Aligning Cloud Strategies With Business Results

By Samuel Greengard Print this article Print
Cloud strategies and business

Enterprises that get things right with a cloud-centric framework that places a heavy emphasis on public clouds can transform and perhaps disrupt their business.

The approach is strategic as well as practical. It's helping to cut costs and boost internal efficiency, while also helping the company develop a more strategic business model by expanding the types of products and services it offers to customers. "We are adopting a more collaborative business approach and becoming a more trusted partner," Paubel says.

For example, Maritz relies on auto-provisioning to manage IT resources in a more seamless and invisible way. Customers can switch on or off the company's products and services, and Maritz automatically adjusts its computing resources appropriately through AWS or Azure.

"We are able to switch away from manual and administrative tasks—and no longer worry about licensing issues—and refocus on soft skills and more strategic issues," Paubel explains. Using the Orchestrations automation module in ServiceNow, the company can more easily track ticketing issues, view performance dashboards and restart services at crucial moments.

"We've automated even the simplest things, like SSL renewals," he reports. "We now plan to expand the use of the cloud framework and move more heavily into software-as-a-service and other areas."

Transitioning to a Cloud-Centric Framework

A public cloud framework allows an enterprise to adapt resources dynamically to meet compute demand, development requirements and other tasks. It also can make it easier to divest businesses or plug in new businesses by simply moving computing resources and data from one cloud provider to another.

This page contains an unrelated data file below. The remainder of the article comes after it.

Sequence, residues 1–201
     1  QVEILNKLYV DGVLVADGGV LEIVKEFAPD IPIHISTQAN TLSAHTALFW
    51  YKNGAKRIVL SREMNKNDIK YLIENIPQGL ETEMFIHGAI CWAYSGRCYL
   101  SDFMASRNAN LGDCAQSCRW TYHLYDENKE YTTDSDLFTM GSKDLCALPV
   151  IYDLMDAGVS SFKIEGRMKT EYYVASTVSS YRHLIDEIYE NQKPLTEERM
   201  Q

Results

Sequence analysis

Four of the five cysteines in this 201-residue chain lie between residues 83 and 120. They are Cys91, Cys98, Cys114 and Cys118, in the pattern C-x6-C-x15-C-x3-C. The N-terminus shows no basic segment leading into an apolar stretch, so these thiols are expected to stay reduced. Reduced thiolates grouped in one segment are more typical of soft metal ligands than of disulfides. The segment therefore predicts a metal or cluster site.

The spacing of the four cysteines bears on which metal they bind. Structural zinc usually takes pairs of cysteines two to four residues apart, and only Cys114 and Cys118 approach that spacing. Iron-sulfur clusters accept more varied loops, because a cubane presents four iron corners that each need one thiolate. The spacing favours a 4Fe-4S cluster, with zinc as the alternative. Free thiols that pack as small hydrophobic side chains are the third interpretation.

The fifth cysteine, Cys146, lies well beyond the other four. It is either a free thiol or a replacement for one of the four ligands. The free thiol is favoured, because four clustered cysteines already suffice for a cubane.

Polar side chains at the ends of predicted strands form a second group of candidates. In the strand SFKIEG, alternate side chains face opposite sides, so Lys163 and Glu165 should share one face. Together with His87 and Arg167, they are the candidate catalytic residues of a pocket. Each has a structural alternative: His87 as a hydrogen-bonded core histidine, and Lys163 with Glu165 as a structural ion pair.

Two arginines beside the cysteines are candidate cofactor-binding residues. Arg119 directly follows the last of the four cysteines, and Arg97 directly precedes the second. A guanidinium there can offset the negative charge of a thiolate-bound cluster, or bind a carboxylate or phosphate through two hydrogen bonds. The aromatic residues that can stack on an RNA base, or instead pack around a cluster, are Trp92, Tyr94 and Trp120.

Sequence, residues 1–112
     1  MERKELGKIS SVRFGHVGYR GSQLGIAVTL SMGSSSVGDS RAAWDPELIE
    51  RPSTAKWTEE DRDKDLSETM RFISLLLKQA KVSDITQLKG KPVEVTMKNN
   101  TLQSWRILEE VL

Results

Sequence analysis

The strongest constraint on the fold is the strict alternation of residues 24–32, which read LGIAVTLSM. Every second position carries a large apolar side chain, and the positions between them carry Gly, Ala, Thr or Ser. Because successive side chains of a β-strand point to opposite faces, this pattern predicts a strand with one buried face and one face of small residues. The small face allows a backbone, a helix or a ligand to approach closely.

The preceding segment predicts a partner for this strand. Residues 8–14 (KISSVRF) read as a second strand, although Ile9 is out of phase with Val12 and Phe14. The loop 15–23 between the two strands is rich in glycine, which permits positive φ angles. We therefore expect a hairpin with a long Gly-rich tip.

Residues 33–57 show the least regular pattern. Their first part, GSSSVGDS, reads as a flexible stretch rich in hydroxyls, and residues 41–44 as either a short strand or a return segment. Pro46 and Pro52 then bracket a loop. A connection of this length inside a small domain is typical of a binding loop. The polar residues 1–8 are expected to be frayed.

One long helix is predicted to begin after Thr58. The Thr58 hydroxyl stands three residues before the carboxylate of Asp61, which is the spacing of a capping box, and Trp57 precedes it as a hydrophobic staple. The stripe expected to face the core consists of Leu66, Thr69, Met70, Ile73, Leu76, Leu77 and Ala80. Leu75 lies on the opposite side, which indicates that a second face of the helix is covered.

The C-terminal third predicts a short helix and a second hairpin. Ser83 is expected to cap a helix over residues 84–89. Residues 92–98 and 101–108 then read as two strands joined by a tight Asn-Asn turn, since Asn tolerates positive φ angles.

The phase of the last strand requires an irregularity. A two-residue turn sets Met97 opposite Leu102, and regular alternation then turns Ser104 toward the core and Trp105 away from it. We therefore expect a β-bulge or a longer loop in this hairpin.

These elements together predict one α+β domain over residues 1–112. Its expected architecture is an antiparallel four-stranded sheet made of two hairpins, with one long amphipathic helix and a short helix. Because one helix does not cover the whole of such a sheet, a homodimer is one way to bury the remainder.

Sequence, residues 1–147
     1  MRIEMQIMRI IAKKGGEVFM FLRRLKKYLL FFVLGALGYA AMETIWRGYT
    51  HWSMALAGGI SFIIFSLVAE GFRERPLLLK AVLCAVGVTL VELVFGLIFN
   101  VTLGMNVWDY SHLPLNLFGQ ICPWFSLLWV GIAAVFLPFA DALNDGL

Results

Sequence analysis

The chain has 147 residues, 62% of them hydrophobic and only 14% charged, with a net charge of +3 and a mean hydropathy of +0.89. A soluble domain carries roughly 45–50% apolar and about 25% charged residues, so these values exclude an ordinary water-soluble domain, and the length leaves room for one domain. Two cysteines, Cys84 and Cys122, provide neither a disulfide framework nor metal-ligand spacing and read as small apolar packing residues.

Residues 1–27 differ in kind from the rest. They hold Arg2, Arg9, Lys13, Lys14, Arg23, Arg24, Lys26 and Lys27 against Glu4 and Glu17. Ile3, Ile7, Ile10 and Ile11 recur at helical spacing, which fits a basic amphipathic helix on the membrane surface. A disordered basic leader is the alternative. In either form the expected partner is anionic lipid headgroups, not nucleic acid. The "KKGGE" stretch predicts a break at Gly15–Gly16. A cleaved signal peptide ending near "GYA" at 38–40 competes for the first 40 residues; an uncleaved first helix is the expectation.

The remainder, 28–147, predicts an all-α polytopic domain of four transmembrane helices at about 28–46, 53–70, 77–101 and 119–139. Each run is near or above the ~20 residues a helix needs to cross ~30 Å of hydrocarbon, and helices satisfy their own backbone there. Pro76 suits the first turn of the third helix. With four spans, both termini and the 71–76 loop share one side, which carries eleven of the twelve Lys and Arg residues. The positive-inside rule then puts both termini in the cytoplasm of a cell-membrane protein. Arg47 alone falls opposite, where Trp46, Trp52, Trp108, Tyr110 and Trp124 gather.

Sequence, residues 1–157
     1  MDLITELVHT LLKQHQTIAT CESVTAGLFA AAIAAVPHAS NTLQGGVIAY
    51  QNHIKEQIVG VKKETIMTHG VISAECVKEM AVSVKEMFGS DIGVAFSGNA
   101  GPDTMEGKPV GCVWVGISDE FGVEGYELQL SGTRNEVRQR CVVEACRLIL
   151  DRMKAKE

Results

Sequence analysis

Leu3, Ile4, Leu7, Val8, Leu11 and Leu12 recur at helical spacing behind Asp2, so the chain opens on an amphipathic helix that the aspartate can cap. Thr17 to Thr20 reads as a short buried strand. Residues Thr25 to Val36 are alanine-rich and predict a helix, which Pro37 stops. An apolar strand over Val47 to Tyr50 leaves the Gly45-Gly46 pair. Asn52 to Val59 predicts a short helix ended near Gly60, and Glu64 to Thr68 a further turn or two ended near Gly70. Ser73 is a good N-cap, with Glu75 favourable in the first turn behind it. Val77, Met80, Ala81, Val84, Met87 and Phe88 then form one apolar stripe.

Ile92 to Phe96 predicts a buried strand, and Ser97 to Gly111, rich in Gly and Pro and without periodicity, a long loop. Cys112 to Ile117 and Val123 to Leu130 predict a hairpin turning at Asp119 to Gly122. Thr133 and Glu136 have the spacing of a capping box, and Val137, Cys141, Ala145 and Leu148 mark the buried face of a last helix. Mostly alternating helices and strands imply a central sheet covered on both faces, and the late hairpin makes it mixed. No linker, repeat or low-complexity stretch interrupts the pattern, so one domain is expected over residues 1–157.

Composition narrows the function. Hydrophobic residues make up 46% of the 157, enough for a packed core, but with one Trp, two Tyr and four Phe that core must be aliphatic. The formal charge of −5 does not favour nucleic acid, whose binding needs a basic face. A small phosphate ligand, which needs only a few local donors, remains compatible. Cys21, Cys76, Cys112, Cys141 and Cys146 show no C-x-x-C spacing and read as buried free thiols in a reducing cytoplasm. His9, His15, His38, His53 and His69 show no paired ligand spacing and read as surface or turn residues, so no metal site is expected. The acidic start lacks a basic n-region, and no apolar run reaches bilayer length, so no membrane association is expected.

"You have the business in AWS and simply toss the keys over to the acquirer," Accenture's Liebow says. What's more, cloud service providers like AWS, Microsoft and Google offer a growing array of tools and applications, including turnkey analytics systems. "Today, there are very few situations where the public cloud doesn't make sense," he points out.

Of course, as an organization transitions to a cloud-centric framework and relies more heavily on public clouds, a strong governance framework is critical. Cloud sprawl and a hodge-podge of SaaS, PaaS and IaaS services can undermine cost advantages and operational efficiencies— and can also lead to chaos. Dealing with permissions—who has access to services, and how and when they are used—can make or break an initiative.

This leads a growing number of organizations down the path of managed cloud service providers. "You have to have certain guardrails and oversight," Liebow advises.

In addition, a cloud-centric operating model can ripple into other issues, including procurement models (OPEX vs. CAPEX), staffing levels and roles, skills and competencies, and much more. At some point, "It's no longer about IT operations, it's about cloud operations," he adds.

Not surprisingly, organizations that get things right can witness transformative and sometimes disruptive gains through a cloud-centric framework that places a heavy emphasis on public clouds. In a best-case scenario, they can build a foundation for a faster, better enterprise that is designed for digital business.

"When organizations closely align their cloud strategy with business outcomes, they're able to achieve truly impressive results," Liebow concludes. "Agility, flexibility and innovation become achievable."

This article was originally published on 2017-06-23
Samuel Greengard writes about business and technology for Baseline, CIO Insight and other publications. His most recent book is The Internet of Things (MIT Press, 2015).
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